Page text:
Performance Issue with GP100

Hello,

I am having an issue with migrating from QuadroK4200 to QuadroGP100 and
would like to know if someone has any idea about what is happening.

I am debugging a huge project, it is hard to be very specific about it,
but basically there is a nested loop and I am using a mix of Thrust and
direct kernel calls.

The outter loop has a few vector copies and small kernels and
the inner loop has two kernels (it is a simulation, each one is a gauss
siedel solver). everything using thrust.

At first, the project was compiled with CUDA 8.0 in a machine with K4200.
When I first tried with GP100, the performance was much slower. (about
2x slower)
I recompiled with CUDA 9.1 and updated the driver. After that, it became
slower even on the K4200 (but still faster than GP100)

After profiling, I saw that the thrust calls were all being preceeded (and followed) by several drivers calls that I was unaware of, and their share in the performance was relatively big.

then, I rewrote the inner loops to call the kernels directly. The performance in both the machines improved, and the GP100 is slightly faster, but still something is odd…

when I profile the kernels, this what I get.

GP100: https://ibb.co/eseCR6
K4200: https://ibb.co/k6pkeR

the outer loop is delimited by thin purple blocks.

So, what I can’t understand is why the GP100 has those periodic pauses. Each individual kernel is faster than the K4200 one, but the pause is big enought to affect the performance.

Also, I would like to know if is there any issues with Thrust and the new CUDA, or Pascal machines.

I know it is difficult to find a precise answer with just this info, but if someone
could give me directions to what might be the problem, I think I can pickup from there.

thank you.

What is the operating system platform being used? What are the actual performance numbers for the two GPUs? What is the limiting factor for performance according to the CUDA profiler?

Are the K4200 and the GP100 installed in the same (physically identical) system, i.e. this is a controlled experiment in which just the GPU is exchanged, and the entire system, hardware and software, is otherwise identical? If it is not a controlled experiment (only one variable is changed) I would suggest setting that up first to operate from a solid baseline.

With the little information provided the chances of pin-pointing a root cause remotely are likely very slim.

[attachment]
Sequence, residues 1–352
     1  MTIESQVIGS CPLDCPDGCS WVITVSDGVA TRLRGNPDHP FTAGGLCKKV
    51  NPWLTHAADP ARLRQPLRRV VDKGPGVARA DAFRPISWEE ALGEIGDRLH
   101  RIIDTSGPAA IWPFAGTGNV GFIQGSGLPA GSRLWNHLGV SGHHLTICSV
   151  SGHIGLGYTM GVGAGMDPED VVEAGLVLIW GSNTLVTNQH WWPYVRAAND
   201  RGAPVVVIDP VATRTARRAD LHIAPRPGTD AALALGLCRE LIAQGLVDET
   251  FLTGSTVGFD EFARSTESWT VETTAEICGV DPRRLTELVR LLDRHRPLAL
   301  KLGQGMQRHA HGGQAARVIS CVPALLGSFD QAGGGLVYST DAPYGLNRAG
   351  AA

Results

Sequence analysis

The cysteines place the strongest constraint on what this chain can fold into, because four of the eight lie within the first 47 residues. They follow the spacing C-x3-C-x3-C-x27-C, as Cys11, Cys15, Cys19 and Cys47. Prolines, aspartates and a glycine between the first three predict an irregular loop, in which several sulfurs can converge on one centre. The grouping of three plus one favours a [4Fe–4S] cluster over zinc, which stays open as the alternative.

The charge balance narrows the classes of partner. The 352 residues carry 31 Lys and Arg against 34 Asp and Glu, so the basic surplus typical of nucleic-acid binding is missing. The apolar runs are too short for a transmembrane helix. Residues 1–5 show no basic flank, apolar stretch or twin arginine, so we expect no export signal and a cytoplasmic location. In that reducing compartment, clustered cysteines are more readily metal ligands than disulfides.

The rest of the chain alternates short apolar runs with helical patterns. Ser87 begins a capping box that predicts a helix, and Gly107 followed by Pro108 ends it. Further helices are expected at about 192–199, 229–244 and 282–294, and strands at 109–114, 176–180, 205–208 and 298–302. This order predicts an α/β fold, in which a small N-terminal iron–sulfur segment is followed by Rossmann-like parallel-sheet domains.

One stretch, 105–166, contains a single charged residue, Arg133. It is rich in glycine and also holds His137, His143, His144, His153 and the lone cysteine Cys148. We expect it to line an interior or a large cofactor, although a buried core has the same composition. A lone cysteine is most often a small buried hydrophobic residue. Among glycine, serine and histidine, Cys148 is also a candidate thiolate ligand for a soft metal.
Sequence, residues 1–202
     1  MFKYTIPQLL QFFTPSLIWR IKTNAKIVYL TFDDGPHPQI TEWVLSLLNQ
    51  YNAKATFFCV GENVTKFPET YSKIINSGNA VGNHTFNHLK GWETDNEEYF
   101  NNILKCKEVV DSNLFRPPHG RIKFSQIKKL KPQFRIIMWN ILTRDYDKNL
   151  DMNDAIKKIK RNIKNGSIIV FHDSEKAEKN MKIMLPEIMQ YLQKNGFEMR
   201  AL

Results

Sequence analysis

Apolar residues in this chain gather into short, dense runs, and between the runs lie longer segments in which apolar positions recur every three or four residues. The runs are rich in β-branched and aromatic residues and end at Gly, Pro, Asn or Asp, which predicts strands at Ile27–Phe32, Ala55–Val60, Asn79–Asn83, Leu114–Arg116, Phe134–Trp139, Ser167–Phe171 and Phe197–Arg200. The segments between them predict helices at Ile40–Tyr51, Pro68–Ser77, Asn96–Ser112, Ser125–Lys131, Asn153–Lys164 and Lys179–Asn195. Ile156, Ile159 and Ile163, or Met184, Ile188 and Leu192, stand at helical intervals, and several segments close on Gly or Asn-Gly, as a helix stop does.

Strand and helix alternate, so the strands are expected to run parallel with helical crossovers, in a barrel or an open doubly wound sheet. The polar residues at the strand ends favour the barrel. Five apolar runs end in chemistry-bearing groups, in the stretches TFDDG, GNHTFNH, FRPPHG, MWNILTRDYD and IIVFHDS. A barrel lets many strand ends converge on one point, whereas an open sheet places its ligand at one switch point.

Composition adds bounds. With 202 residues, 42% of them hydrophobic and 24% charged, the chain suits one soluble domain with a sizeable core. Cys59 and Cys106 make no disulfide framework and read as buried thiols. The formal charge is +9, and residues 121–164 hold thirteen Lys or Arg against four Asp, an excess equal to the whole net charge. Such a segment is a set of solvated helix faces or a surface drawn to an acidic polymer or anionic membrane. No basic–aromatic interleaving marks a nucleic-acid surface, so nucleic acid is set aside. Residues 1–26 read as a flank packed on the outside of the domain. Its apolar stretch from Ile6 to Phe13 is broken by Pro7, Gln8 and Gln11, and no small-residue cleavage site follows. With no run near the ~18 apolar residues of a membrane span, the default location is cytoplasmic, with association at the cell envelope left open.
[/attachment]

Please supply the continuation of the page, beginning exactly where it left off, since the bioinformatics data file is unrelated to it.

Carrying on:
hi njuffa, thanks for your answer

we are running on windows 7 professional on both machines.
the gpus are installed on different machines with different specs, I can not change this… the project was developed for the K4200 and now we are testing the performance with the GP100 and will use the results in consideration to acquire the gpu.
With other softwares, there was no major problems, all of them showed some speed up in the order of 5x to 7x.
This algorithm I am testing was developed in house, it is still just a prototype and I was using thrust, but planning to move from it on later stages.

the limiting factor is memory access, but this was expected already. all of those short kernels are performing quick operations, but because it is not optimized yet, I am reading and writing the global memory repeatedly.

all the data is copied from host to device only once, the range I showed in the screenshots is a small portion after running for several steps. there is no host-device transfer (except for the kernel parameters)

I was suspecting of thrust, because before replacing the inner loops with cuda kernels, i was using thrust only and the GP100 was about 2 times slower!

these are the kind of operations I was doing before.

for (..nsubsteps..) 
{
 someDeviceVector1 = someOtherDeviceVector1;
 someDeviceVector2 = someOtherDeviceVector2;
 someDeviceVector3 = someOtherDeviceVector3;

 thrust::for_each(...);
 thtust::for_each(...);
}

and now:

for (...nsubsteps...)
{
  gauss1<<<.....>>>(...);
  gauss2<<<.....>>>(...);
}

the newer version runs very very slightly faster on the GP100, but far from the huge speed ups we are getting with other softwares.

what I cant figure out is why the gpu seems to be resting randomly during the execution. The profiler is catching nothing, although the runtime lane is always filled. It must be something silly I am missing here.

Each thrust call (even the vector copies) has a bunch of extra runtime calls before and after the main call. the cuda calls have only 2.

using thrust:

cudaFuncGetAttributes
cudaGetDevice
cudaDeviceGetAttribute
cudaConfigureCall
cudaSetupArgument
cudaSetupArgument
cudaLaunch ((actual kernel here))
cudaPeekAtLastError
cudaPeekAtLastError

and using simple cuda calls:
cudaConfigureCall
cudaSetupArgument
cudaLaunch

i think this is killing the performance, but i dont understand how that could be causing the long idle times… or maybe the reason is something entirely else.